|Toe hitting tire - Normal ?||6828|
Dec 18, 2001 1:49 PM
I just got my first road bike last week and I have a question that I need help with.
When your pedalling, and turning around a tight corner, is it normal for the toe of your cycling shoe to come into contact with the front tire ? I'm learning quickly not to pedal when the tire is that turned, but I'm not sure if it's normal or not ?
Remove the .fish after .com to reply
--= This is a fish anti-spam device =--
|re: Toe hitting tire - Normal ?||jtolleson|
Dec 18, 2001 2:19 PM
|Quite normal, especially on smaller frames (say, 51 cm or smaller). It is called "toe overlap" and is generally only an issue at very slow speeds, very sharp turns. It will quickly become second nature to avoid it.|
|re: Toe hitting tire - Normal ?||6828|
Dec 18, 2001 2:54 PM
Thanks for the answer.
When I touched I thought my forks had cracked/bent till I realised what had happened.
I guess there are a few new things to learn after riding a MTB around for 10 years.
Dec 18, 2001 3:14 PM
|I practiced riding in small circles and allowing my toe to clip the wheel. If you're used to the way it feels, you can control it and you won't crash. Another thing to look out for (though I think mountain biker's know this instinctively) is to keep your pedals at 9 & 3 o'clock when rolling off a curb. I learned this the hard way. Doh!|
|It's Normal (nm)||DCP|
Dec 18, 2001 2:19 PM
|re: Normal ?||allervite|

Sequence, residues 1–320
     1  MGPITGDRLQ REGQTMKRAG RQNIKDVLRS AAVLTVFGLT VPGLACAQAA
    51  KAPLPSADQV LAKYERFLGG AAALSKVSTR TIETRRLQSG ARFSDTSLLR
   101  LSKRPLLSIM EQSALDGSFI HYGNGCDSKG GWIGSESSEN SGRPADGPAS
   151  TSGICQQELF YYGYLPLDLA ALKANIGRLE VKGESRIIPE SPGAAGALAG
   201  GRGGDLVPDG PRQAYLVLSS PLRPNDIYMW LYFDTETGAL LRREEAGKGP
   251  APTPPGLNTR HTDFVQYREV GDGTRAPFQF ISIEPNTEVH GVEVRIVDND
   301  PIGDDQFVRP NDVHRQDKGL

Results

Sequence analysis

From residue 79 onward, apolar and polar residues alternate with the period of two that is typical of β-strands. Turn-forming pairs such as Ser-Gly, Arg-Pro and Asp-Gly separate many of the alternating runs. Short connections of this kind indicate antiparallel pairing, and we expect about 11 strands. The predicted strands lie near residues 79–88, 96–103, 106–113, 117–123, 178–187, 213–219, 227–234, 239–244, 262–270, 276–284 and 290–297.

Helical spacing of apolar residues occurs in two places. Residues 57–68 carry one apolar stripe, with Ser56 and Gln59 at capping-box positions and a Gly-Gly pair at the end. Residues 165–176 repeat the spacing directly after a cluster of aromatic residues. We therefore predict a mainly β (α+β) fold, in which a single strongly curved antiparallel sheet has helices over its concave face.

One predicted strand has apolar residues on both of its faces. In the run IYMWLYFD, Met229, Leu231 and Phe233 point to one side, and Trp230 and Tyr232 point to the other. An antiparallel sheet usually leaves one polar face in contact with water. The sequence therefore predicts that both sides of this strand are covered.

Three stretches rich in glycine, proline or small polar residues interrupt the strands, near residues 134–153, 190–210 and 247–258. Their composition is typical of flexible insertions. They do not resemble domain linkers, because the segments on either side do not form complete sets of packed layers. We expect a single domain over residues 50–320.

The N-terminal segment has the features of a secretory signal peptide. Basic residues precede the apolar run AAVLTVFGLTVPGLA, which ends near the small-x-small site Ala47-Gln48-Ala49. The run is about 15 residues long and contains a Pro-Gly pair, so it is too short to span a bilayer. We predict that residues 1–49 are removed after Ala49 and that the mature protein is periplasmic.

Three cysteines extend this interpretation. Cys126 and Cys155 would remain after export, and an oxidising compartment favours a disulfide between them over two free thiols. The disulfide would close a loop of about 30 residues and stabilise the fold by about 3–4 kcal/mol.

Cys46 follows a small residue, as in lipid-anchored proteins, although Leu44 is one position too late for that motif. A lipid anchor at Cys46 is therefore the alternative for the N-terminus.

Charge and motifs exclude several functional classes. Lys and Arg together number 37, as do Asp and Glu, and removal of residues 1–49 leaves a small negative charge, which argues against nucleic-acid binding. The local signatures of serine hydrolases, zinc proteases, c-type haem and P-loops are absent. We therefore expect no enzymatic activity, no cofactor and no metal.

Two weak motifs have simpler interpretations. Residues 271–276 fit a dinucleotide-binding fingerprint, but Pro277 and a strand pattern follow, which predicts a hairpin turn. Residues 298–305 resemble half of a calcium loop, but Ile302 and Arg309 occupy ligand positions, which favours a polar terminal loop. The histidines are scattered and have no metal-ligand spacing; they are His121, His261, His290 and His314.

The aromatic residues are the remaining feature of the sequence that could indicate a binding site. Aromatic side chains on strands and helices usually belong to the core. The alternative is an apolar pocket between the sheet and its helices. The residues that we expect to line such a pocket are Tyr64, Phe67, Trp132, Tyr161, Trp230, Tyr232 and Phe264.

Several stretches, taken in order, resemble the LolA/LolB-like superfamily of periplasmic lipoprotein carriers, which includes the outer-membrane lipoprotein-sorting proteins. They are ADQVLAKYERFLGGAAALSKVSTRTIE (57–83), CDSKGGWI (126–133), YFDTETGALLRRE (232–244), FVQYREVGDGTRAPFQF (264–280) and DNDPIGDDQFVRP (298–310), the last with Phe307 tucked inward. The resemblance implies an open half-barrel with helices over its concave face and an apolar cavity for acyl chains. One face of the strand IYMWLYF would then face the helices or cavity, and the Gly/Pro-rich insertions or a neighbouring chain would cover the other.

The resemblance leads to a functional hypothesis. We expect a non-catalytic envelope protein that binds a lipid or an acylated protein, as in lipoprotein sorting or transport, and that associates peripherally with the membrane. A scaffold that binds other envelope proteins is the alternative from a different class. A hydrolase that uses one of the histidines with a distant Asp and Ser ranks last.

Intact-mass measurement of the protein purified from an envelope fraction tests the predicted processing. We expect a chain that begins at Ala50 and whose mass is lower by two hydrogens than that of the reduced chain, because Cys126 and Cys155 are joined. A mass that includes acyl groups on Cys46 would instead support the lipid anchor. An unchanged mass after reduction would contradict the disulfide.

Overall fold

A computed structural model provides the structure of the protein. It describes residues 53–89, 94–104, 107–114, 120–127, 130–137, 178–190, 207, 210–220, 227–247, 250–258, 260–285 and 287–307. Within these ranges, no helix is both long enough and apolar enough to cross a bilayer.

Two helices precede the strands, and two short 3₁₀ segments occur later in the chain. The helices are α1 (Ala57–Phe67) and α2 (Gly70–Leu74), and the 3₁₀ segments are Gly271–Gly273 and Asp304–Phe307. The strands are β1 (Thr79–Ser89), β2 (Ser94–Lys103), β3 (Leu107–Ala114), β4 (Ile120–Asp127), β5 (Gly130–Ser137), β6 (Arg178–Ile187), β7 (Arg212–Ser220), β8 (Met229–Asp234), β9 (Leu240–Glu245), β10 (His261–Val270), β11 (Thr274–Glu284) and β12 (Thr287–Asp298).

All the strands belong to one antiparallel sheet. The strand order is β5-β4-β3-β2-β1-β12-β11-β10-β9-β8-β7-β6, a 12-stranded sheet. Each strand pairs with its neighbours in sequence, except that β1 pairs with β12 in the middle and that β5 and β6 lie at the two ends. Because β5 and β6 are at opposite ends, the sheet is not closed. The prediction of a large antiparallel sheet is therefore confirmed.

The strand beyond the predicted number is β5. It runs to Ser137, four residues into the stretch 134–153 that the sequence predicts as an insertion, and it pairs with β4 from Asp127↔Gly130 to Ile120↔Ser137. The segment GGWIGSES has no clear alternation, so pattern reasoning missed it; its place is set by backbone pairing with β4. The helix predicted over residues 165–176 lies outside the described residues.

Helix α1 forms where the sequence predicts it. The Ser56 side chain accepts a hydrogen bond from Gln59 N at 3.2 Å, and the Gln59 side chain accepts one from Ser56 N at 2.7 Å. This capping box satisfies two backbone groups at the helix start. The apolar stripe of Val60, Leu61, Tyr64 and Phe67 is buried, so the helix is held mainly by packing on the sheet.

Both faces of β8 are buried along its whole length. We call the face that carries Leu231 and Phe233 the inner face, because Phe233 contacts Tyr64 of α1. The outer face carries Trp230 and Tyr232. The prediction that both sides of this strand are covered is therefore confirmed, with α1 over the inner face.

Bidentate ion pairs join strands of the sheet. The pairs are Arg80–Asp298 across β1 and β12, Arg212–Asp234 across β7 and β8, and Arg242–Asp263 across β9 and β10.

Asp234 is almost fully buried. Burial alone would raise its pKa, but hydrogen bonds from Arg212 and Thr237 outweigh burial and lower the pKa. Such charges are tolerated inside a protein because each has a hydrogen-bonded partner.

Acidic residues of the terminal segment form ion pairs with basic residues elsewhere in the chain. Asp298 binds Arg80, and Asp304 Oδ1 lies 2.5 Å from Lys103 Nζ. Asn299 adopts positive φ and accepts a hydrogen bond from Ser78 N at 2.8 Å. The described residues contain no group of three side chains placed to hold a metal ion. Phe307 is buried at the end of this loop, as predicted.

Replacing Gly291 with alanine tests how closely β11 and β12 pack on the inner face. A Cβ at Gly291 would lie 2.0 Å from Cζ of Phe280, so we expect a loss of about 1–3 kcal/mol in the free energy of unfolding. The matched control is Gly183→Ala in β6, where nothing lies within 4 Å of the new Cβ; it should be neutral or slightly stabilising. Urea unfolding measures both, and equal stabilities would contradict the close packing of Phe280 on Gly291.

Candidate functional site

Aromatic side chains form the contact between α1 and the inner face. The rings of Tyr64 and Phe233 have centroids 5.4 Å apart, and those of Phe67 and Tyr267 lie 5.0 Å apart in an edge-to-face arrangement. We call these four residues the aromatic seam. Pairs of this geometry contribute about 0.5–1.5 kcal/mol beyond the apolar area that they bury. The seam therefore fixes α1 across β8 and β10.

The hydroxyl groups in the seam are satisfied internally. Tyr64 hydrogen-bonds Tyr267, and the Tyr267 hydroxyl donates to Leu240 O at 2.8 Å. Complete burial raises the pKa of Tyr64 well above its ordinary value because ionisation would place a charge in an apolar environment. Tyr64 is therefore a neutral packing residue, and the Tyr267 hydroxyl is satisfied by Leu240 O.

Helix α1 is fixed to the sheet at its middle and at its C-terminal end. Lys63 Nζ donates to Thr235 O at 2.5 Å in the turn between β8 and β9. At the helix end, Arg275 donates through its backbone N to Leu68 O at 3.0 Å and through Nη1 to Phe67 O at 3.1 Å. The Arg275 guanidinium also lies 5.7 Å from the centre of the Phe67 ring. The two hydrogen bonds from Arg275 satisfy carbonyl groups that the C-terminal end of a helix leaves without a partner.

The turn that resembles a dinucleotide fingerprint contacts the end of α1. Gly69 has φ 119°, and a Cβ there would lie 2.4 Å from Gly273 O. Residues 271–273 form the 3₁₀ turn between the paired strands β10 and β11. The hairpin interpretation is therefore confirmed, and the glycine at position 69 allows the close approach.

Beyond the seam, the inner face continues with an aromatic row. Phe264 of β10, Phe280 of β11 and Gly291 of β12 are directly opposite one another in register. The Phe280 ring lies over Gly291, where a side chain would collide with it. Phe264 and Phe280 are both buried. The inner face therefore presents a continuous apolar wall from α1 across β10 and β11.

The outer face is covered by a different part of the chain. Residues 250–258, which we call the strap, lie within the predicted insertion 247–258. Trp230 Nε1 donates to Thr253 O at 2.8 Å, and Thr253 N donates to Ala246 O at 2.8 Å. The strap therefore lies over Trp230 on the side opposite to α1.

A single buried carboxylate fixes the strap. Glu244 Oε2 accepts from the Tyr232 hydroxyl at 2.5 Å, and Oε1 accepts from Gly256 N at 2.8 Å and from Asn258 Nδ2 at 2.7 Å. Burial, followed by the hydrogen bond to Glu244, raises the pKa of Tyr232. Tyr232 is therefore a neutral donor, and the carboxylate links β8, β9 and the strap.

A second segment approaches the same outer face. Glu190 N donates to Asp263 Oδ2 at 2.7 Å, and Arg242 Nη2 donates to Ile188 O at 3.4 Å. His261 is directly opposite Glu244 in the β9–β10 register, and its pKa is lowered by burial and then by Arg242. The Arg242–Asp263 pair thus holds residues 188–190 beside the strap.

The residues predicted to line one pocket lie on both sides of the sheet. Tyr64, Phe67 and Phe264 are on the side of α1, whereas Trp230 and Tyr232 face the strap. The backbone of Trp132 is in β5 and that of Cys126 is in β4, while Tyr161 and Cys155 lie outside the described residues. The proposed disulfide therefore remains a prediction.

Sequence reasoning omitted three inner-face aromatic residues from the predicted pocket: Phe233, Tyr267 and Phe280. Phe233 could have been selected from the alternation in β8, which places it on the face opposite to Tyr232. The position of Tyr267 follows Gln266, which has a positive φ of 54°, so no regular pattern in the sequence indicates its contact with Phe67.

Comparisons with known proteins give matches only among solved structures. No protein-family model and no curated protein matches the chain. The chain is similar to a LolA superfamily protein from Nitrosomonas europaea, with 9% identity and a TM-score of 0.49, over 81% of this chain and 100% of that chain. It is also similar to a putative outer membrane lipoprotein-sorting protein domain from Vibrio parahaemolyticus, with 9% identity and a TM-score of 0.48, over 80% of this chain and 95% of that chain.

Dec 18, 2001 9:47 PM
|No it's not normal.
No it does not happen to all guys.
Yes it is a big deal.
Wait wrong subject ha?
Dec 19, 2001 6:22 AM
|This is a somewhat normal occurrance on (1) small frames that use 700 size wheels, and (2) very tight "crit geometry" bikes. For most road bikes, it isn't normal. A couple things to look at: Check the fork -- is it bent back? Are your cleats too far back on your shoes? This would only be a concern when going very slowly, or possibly when starting off (like from an intersection). I know Terry bikes used smaller front wheels partially to overcome this very problem.|
Dec 19, 2001 2:15 PM
|Agree, it isn't normal, generally speaking. No bikes have toe-tire overlap except these tight wheel-based "criterium" road bikes. For one thing it's a liability issue. It also puts more of the rider's weight over the front wheel, not ideal in terms of stability.
I have such a bike with parallel 73 degree angles and short 39 inch wheelbase, that I had no problems adapting to, but still have to scoot back on the saddle to take weight off the front wheel when descending. Otherwise the front wheel will sometimes wobble.
In the interest of good fore-aft balance, good fit and predictable handling, most road racing bikes don't have this overlap, including the best ones. A good builder can design around that problem.
|re: Toe hitting tire - Normal ?||josh_putnam|
Dec 19, 2001 9:17 PM
|Yes, it's quite normal on many small to mid-sized bikes. |
The front end of a bike has many compromises -- if you want a shorter top tube for any reason, or a smaller frame overall, at some point you have to either accept toeclip overlap or start slackening the head tube angle. Since a slack head tube angle compromises handling and requires a different fork rake than other sizes of the same model of bike, most manufacturers allow a bit of toe clip overlap instead.
I've had overlap on bikes from Bianchi, Trek, Specialized, Peugeot, and others, and make no effort to avoid it when building my own custom frames, since it's really not a problem in real-world riding.